*Estimates resulting from proration technique used for drivers in Californias 24 most populous counties, using California Department of Transportation estimates, 2000 base year. See Data Sources. **Actual VMD/day estimate from National Household Travel Survey, 2001.6

Populations, poverty rates, and median household income by county and age group are from the U.S. Bureau of the Census, 2000, American FactFinder. Californias 24 most populous counties (those with populations of 200,000 or more in the 2000 census) account for 93% of the states population, 91% of its licensed drivers, 90% of its VMT,

4 and 87% of its fatal traffic crashes. Table 2 shows the counties by population, licensed drivers, estimated vehicle-miles traveled, traffic deaths, and poverty levels. Table 2. Characteristics of Californias 24 most populous counties Average annual counts, 1995-2004 Population Traffic Licensed Miles driven Poverty County 000 fatalities drivers 000 per day (avg) rate 1999 Alameda 1,450 320 948 22.6 11.0% Contra Costa 948 175 653 20.2 7.6 Fresno 814 401 447 18.4 22.9 Kern 673 296 377 20.3 20.8 Los Angeles 9,755 1,825 5,523 19.3 17.9 Marin 248 27 187 27.2 6.6 Monterey 398 123 233 20.4 13.5 Orange 2,843 436 1,899 21.7 10.3 Riverside 1,571 524 932 20.2 14.2 Sacramento 1,233 329 786 20.2 14.1 San Bernardino 1,734 569 1,003 21.7 15.8 San Diego 2,869 557 1,877 22.1 12.4 San Francisco 784 103 513 12.2 11.3 San Joaquin 580 209 330 19.7 17.7 San Luis Obispo 247 64 172 24.2 12.8 San Mateo 717 101 502 24.6 5.8 Santa Barbara 407 78 265 20.3 14.3 Santa Clara 1,703 271 1,176 21.8 7.5 Santa Cruz 255 56 174 19.5 11.9 Solano 398 94 251 24.5 8.3 Sonoma 455 121 323 19.0 8.1 Stanislaus 455 191 274 17.1 16.0 Tulare 375 215 200 16.8 23.9 Ventura 761 156 510 20.4 9.2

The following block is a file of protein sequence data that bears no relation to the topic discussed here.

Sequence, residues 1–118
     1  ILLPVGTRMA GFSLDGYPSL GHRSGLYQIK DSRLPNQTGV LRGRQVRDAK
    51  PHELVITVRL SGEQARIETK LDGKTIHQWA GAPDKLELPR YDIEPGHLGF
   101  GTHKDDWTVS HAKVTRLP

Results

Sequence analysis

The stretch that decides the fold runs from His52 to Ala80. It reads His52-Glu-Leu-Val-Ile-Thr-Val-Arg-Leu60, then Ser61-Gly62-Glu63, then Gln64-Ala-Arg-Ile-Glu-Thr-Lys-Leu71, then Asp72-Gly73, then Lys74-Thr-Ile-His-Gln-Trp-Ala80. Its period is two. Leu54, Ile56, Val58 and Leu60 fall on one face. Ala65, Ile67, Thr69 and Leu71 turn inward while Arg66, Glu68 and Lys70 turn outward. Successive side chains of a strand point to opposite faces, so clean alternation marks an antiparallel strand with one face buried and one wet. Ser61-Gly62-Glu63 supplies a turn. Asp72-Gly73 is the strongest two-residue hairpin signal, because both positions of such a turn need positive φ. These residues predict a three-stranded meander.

Sources: California Department of Finance, California Center for Health Statistics, California Department of Motor Vehicles, California Department of Transportation, U.S. Bureau of the Census. See Data Sources.

Analysis Rates of fatal crash involvement per billion vehicle-miles driven are compared for each age group and for age group of drivers involved for those ages 15-64 who are residents of Californias 24 most populous counties for the 1995-2004 period (Table 3). Table 4 shows the regressions of age, poverty, income, VMD, and urbanization on motor vehicle drivers fatal crash involvements by county. Table 5 shows the motor vehicle fatality rates for cohorts of California teens licensed 30 months before and 30 months after the states graduated driving law (GDL) took effect.